If you own or are thinking about purchasing a home that was built before the year 2000, chances are very good the current wiring in your home will not be sufficient to run all of the electronics we all depend upon these days.
In 2000, we didn’t have as much demand for high speed connections as we do now. And while wireless is moving up from 4g to 5g, home wiring is also changing and evolving. I am not going to be too specific here, that’s better done in person, one on one. I did, however, notice a post on line which has some great bullet points for what we should all be considering for our homes in today’s tech heavy environment.
Before you do anything, take a look at some of these suggestions from Better Homes and Gardens:
“Sit down with your family to identify your wants and needs, but plan to keep an open ear for suggestions from your potential contractors. Consider questions such as:
- Do you want a home theater installation? What about whole-house audio?
- Will you want to receive TV signals via traditional antenna, cable, or satellite?
- Do you want to network multiple computers?
- Do you want to share high-speed Internet access, such as a cable modem or Digital Subscriber Line (DSL)?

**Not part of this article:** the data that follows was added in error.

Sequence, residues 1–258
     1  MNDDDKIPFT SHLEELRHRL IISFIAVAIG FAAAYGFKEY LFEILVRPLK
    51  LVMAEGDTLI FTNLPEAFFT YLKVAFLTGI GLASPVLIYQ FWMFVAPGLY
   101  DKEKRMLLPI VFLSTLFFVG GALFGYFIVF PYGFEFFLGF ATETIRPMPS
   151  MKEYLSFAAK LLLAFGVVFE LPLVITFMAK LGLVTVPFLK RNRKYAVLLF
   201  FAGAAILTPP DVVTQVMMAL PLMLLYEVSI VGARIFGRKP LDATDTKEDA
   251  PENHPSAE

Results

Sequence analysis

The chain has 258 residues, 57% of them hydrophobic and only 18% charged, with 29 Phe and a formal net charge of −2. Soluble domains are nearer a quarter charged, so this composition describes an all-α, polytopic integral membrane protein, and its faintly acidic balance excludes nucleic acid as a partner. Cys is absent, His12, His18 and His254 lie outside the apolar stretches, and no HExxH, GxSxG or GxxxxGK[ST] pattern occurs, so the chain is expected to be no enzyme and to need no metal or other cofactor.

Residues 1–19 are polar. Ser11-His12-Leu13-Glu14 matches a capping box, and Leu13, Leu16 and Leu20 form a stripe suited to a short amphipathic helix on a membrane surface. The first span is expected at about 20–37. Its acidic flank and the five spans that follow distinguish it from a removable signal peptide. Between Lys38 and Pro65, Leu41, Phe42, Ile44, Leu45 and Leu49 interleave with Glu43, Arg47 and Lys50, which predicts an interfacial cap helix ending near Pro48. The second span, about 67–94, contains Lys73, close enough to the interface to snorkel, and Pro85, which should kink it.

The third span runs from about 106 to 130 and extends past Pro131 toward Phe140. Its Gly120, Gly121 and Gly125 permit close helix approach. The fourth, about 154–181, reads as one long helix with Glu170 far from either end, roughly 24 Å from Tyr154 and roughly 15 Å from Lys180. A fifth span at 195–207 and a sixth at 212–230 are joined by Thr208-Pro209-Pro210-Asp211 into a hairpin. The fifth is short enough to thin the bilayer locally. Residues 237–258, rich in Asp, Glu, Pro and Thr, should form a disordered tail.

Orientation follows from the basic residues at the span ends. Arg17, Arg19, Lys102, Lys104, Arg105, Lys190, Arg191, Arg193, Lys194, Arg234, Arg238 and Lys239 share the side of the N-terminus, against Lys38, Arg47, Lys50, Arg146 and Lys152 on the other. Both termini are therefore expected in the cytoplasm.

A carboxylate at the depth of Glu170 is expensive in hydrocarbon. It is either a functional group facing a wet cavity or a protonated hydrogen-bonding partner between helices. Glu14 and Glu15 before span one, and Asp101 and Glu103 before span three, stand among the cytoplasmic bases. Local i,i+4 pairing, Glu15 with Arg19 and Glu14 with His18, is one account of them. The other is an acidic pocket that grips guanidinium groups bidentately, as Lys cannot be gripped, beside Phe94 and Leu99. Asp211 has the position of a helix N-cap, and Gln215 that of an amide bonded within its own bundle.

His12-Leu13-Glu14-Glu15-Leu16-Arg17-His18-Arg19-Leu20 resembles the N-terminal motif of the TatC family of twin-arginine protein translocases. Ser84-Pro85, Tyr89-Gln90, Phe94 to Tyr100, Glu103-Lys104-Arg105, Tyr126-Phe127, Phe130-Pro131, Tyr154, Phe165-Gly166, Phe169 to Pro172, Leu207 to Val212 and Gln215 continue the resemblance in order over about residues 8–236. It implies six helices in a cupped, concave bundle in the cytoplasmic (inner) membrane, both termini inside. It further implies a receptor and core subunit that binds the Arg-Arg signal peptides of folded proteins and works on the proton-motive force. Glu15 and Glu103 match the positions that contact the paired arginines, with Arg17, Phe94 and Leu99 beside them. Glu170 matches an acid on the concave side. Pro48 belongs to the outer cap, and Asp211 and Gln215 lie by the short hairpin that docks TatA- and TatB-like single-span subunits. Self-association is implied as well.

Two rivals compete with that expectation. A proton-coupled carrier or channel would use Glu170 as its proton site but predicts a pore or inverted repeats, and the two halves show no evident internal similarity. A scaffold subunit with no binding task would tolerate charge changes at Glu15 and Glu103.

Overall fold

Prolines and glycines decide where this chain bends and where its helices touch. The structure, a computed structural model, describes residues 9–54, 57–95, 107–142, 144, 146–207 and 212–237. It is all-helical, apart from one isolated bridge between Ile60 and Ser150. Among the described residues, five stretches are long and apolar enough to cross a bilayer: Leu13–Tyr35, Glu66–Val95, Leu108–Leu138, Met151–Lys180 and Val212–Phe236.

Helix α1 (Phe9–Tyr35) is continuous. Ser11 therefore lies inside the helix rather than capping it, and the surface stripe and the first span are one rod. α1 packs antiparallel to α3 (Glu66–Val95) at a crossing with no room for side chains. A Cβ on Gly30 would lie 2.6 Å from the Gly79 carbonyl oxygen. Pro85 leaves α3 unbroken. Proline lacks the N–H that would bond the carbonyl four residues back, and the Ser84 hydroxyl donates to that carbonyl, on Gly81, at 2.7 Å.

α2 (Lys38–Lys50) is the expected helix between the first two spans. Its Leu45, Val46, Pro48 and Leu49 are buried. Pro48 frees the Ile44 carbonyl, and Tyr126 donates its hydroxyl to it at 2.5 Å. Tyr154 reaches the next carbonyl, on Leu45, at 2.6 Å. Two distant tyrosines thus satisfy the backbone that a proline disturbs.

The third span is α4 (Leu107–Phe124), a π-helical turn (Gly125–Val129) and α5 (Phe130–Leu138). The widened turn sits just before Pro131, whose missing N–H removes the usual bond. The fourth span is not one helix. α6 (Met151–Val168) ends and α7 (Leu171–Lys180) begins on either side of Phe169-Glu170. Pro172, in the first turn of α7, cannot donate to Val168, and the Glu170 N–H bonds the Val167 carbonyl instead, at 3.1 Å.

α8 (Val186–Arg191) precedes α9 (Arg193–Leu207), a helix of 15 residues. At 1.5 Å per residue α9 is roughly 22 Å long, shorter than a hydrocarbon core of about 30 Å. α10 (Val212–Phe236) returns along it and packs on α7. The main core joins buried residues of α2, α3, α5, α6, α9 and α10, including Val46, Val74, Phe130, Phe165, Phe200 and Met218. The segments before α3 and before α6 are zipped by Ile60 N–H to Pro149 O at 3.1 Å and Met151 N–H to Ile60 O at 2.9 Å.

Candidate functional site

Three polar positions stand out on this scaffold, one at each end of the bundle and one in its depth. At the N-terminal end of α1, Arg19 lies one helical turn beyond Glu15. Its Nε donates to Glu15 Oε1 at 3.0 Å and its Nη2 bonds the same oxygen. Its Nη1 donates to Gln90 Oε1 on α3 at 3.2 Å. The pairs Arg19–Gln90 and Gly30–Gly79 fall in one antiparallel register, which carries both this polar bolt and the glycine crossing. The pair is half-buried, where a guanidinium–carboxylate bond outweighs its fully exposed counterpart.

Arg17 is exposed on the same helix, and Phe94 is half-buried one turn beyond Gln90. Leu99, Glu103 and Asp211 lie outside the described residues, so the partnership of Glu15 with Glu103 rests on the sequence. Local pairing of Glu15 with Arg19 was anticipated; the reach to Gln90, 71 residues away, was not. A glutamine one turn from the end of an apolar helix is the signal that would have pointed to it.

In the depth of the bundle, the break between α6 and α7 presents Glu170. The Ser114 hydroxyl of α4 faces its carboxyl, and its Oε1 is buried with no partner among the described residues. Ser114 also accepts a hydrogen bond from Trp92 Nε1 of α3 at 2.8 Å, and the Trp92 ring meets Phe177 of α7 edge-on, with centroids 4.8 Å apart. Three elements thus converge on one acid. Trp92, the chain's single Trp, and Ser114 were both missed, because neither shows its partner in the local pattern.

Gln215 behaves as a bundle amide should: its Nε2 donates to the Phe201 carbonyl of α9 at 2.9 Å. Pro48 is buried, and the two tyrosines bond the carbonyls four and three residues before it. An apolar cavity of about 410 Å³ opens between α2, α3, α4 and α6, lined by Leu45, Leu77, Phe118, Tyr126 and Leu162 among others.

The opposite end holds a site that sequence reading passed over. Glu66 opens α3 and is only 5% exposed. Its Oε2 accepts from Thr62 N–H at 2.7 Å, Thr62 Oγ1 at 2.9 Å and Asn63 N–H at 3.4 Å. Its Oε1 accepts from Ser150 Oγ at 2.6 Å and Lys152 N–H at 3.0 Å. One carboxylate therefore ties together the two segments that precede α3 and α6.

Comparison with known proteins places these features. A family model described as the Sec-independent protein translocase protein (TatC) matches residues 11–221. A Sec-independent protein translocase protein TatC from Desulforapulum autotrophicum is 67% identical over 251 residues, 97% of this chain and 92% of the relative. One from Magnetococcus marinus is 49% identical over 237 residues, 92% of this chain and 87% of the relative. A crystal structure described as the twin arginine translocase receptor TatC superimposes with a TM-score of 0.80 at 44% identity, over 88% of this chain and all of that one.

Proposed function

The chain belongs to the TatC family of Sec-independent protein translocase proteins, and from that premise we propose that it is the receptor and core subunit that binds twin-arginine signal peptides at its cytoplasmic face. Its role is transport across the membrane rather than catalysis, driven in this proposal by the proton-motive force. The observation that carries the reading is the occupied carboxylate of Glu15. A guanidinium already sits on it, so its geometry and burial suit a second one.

- Will security, lighting control, or home automation systems be included in your plan?
- If you have a home office, how might business growth affect your technology needs?
Solicit bids and initial designs from a variety of professionals. If you give everyone the same set of requirements, the proposals will give you a better understanding of each person’s expertise.
Have a budget and general time frame in mind when talking to potential contractors. Remember that a basic home networking system will allow you to add devices and functions as you grow into your home; you don’t necessarily need everything right away.
Evaluate how your priorities compare to the proposals you receive. All the ideas should be focused on providing solutions and systems with which you’ll be comfortable.
Ask to see demonstrations of the equipment the contractors propose. You might also ask to talk to other homeowners whose installations they’ve done.
Check references and credentials as appropriate. You might also ask architects and builders their opinions of a given contractor’s work.”
To see the entire post on BHG https://www.bhg.com/home-improvement/advice/expert-advice/wiring-your-home-for-todays-electronics/